Our founder and namesake, Hanns Ebensten passed away on Monday, July 24, 2006 from an unexpected bout of pneumonia. From his first trip down the Nile at age six, when he sat on the knee of the famous Aga Khan, to the days before his death as he planned his next journey to explore the remote areas of the Sinai Peninsula, Hanns Ebensten was the epitome of exploration and wanderlust.
His love for travel led him to create the first organized trip for gay men in 1972, earning him the moniker of “Inventor of Gay Travel.” In 2004, the IGLTA (International Gay & Lesbian Travel Association) named him the Pioneer of Gay Travel and honored him by renaming their annual citation of excellence as the “Hanns Ebensten IGLTA Hall of Fame Award.”
But Mr. Ebensten was never enamored of awards and accolades, and he prided himself on his accomplishments in exploration, entrepreneurship and literature. He was the author of eight books, the last of which, Egypt in My Blood, was published just weeks before his death. Mr. Ebensten, a rare and opinionated individual, was a stickler for precision, hence the following obituary he penned himself:
November 28, 1923 to July 24, 2006
After having survived the German holocaust and World War II in the British Army, Mr. Ebensten roamed and explored in isolated and remote places all over the world and became particularly familiar with the Arab countries whose traditions, customs, and religion he greatly admired. He stayed with Bedouin tribes in the Sinai, explored the oasis of Siwa in Egypt’s Western Desert, prayed with the monks at Mount Athos, and climbed Mount Olympus in Greece and Huang Shan in China. In the high Andes he discovered the ruins of ancient cities, and crossed Greenland by dog sledge, and Easter Island on horseback. Since 1977, he had found peace and quiet in his small house on a shady lane in Key West, sustained by his 41-year committed friendship with his partner, the late Brian Kenny.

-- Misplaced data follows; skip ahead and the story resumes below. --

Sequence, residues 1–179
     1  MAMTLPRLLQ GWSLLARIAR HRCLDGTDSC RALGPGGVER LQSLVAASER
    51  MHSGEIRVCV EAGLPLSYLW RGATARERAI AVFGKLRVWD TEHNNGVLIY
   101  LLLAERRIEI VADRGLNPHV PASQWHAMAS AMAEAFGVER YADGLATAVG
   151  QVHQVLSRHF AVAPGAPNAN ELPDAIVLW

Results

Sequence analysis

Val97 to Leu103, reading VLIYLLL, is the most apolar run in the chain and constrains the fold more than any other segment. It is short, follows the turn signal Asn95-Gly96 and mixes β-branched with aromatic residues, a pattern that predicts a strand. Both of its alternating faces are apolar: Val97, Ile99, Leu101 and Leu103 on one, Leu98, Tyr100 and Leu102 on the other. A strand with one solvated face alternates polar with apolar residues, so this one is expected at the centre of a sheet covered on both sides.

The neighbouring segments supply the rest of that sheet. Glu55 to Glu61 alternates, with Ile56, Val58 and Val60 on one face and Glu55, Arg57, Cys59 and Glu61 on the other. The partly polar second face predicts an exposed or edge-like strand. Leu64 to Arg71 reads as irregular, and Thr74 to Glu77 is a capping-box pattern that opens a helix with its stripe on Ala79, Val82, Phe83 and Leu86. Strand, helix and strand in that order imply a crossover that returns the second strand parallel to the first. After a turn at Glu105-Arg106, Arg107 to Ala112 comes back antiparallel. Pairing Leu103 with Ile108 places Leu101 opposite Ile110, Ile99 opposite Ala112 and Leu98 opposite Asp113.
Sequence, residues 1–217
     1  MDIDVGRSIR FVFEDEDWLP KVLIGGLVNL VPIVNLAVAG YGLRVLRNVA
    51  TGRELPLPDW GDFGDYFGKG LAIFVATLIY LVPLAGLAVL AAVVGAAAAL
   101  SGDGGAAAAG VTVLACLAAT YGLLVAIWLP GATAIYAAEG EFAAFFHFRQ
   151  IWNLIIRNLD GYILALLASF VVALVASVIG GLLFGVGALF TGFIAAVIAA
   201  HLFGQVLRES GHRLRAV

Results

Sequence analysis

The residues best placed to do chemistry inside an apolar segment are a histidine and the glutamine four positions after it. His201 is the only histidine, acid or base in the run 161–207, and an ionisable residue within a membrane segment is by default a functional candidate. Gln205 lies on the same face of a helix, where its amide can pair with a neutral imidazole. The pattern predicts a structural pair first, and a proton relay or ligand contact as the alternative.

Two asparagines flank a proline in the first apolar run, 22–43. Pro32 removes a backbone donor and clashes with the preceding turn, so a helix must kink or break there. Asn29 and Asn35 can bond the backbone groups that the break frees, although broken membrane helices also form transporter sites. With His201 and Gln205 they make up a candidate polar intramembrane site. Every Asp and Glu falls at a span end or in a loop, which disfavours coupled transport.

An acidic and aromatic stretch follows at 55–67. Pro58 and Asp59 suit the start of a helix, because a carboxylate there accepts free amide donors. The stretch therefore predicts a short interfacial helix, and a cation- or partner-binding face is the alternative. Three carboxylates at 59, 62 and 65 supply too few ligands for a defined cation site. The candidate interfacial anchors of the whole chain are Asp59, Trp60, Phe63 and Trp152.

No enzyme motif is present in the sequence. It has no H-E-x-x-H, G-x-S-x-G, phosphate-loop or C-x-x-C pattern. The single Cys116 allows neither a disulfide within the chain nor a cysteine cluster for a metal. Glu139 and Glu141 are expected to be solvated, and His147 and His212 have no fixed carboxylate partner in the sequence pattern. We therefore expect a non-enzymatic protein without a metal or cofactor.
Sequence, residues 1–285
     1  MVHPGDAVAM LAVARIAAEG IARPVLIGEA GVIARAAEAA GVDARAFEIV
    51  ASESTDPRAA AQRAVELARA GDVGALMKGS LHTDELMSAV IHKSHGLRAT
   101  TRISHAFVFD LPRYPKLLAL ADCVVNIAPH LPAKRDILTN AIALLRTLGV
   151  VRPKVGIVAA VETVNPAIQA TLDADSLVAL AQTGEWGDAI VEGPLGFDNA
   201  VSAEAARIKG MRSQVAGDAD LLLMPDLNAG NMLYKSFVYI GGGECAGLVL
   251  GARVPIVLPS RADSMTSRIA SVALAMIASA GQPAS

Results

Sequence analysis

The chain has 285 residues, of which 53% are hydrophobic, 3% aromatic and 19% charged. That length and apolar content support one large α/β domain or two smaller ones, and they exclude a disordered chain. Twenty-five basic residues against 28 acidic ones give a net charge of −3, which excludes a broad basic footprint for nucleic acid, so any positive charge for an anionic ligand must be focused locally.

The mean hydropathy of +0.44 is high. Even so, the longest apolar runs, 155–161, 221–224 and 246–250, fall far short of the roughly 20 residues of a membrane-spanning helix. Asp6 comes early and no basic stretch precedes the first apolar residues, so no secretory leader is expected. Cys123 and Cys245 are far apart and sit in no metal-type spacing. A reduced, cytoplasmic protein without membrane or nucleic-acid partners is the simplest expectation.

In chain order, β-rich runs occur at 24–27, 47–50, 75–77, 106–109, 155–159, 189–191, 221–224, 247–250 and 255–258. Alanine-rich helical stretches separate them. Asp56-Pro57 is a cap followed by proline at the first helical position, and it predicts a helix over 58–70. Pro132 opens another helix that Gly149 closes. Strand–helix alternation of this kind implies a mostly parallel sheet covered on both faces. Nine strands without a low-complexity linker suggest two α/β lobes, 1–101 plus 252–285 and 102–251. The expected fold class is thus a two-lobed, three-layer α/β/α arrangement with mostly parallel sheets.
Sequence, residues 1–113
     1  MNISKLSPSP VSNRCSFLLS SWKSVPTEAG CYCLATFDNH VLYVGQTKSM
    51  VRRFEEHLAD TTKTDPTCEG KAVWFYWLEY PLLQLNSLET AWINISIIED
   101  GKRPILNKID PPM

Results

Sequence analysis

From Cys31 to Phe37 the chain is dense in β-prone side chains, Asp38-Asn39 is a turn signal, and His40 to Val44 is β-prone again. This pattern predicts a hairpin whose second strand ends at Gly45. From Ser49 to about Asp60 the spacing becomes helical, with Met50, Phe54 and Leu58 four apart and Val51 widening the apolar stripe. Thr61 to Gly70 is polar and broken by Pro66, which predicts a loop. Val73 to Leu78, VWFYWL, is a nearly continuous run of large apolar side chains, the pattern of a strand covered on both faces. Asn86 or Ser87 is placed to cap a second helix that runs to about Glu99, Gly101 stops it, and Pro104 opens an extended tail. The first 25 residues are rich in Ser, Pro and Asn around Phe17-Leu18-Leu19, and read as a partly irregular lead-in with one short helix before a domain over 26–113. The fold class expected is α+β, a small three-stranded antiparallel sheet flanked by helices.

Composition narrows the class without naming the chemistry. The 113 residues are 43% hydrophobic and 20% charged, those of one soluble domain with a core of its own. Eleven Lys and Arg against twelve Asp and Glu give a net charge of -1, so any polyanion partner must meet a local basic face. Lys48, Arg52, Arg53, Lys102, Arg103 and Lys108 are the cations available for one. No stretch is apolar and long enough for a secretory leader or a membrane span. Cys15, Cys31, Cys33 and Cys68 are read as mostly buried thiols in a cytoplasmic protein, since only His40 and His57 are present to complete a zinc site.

Mr. Ebensten never owned or drove a car and walked everywhere around Key West wearing his formal white suit and black tie and his ubiquitous boater hat. He was a life long Member of the Royal Geographical Society.